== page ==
This hippo decided to wait for food to come to her.

This hippo decided to wait for food to come to her.

 

At Mpala, there are animals everywhere you look! One of the students rescued a baby mouse and everyone worked together to nurse it back to life.

Kathryn, Jon and Danielle brainstorming on ways to save the baby mouse.

Kathryn, Jon and Danielle brainstorming on ways to save the baby mouse.

Kathryn feeding the mouse milk from a spoon.

Kathryn feeding the baby mouse milk from a spoon.

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Warthogs on Mpala.

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Elephants relaxing at a watering hole. We were all very jealous!

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Male impala at Mpala.

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Young Greater Kudu at Mpala.

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A bull elephant, Fido, “befriended” us from across the river at the campsite.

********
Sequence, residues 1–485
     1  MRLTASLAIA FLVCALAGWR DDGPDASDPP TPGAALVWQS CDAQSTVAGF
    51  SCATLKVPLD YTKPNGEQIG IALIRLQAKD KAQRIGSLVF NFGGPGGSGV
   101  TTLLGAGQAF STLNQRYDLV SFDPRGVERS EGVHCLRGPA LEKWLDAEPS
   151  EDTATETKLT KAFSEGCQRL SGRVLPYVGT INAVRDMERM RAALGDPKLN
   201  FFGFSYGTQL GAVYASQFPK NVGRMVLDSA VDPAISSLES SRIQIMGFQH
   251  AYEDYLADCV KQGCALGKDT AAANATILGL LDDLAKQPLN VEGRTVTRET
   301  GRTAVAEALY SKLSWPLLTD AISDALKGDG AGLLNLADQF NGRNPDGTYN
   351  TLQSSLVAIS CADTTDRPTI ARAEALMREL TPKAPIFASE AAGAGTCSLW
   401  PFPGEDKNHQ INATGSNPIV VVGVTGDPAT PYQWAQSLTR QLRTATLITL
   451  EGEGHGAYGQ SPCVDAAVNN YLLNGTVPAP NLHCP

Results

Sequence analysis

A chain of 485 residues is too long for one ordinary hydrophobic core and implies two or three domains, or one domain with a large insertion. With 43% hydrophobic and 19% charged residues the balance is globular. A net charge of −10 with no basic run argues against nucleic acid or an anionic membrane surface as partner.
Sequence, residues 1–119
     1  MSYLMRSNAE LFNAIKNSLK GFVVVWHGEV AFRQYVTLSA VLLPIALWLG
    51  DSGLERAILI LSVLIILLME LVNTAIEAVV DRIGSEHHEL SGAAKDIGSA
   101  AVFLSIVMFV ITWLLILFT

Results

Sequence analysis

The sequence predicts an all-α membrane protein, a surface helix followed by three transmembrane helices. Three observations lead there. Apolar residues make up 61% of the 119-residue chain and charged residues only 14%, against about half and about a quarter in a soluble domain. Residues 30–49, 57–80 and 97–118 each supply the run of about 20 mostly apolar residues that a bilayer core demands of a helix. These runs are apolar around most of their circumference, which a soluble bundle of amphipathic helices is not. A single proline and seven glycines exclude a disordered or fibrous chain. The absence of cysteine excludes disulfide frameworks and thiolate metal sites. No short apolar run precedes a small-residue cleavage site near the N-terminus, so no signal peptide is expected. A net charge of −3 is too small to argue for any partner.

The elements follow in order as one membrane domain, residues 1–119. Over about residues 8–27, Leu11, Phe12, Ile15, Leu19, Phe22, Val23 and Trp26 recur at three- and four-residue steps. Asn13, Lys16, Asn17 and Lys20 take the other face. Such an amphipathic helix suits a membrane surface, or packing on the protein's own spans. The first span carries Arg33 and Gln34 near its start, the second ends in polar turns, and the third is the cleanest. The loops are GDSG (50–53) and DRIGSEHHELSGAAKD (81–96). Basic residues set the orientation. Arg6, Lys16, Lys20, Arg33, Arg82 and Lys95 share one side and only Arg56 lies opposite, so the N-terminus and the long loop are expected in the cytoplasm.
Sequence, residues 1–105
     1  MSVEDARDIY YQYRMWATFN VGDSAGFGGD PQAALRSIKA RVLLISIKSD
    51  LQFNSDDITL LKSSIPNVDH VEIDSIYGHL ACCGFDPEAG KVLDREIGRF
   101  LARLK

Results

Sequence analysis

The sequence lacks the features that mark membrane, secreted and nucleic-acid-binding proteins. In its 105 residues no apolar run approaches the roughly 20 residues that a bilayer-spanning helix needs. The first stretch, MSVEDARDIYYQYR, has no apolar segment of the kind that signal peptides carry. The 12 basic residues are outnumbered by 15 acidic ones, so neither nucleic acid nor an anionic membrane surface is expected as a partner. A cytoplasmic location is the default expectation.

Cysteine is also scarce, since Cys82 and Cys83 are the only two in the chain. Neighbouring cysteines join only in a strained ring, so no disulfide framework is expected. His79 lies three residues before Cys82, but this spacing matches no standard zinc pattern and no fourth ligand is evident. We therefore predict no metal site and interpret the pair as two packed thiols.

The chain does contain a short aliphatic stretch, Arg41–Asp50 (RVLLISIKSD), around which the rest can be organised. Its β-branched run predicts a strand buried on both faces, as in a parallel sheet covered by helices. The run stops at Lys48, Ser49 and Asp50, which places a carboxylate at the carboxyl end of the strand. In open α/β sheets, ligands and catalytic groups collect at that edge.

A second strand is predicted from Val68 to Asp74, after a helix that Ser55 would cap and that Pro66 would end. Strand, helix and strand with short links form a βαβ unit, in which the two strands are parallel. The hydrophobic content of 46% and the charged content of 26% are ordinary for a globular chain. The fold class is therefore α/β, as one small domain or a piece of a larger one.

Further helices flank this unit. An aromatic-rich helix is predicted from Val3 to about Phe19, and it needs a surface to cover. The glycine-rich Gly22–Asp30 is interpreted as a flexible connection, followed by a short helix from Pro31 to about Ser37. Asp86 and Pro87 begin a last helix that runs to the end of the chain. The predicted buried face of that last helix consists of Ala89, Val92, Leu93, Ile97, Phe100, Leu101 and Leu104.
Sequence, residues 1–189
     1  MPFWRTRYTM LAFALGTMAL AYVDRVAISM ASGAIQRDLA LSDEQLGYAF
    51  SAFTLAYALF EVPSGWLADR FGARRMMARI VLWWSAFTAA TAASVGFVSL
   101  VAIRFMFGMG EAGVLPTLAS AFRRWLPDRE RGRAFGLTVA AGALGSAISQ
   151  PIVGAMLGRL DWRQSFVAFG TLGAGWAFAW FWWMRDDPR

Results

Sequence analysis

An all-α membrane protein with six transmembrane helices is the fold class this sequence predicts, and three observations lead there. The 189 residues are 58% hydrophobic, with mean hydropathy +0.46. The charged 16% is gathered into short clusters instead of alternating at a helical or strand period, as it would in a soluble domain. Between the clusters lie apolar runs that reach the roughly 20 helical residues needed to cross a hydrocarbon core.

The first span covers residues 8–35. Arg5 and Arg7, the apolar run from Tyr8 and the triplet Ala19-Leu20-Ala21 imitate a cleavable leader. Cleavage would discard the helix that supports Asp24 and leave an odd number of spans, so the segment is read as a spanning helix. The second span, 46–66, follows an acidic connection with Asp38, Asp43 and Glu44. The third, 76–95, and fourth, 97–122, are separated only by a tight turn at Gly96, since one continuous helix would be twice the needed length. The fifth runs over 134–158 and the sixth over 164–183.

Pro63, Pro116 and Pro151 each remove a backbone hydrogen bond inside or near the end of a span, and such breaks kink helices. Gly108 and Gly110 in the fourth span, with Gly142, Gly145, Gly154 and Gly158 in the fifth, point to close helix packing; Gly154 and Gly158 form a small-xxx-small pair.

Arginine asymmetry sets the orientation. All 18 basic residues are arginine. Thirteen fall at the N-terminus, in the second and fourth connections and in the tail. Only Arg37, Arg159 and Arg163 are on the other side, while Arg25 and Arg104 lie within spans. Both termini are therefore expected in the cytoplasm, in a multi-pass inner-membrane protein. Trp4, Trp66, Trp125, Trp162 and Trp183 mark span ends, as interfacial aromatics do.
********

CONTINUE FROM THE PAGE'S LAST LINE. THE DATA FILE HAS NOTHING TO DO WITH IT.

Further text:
We took Saturday and Sunday off to sleep-in and explore the nearby area, including the town of Nanyuki. Some students visited the equator and local shops for souvenirs, while others chose to participate in the ongoing Laikipia Rabies Vaccination Campaign.

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Jon and a young Masai girl helping with the Laikipia Rabies Vaccination Campaign.

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Max logging information while helping with the LRVC.

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The students visited the equator during their trip to Nanyuki!

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On our way to Nanyuki we experienced some friendly traffic.

Check in weekly to see what the students are up to!

 

By | 2017-01-23T09:50:18+00:00 September 12th, 2016|Fall 2016, Field Schools|Comments Off on Fall 2016 Origins Field School Begins!

About the Author:

Hi I'm Jayde and I am the TBI Origins field school teaching assistant for Fall 2016. I recently graduated from Rutgers University and am applying to graduate schools to study geoarchaeology. I am mainly interested in reconstructing past environments and its influence on hominin populations.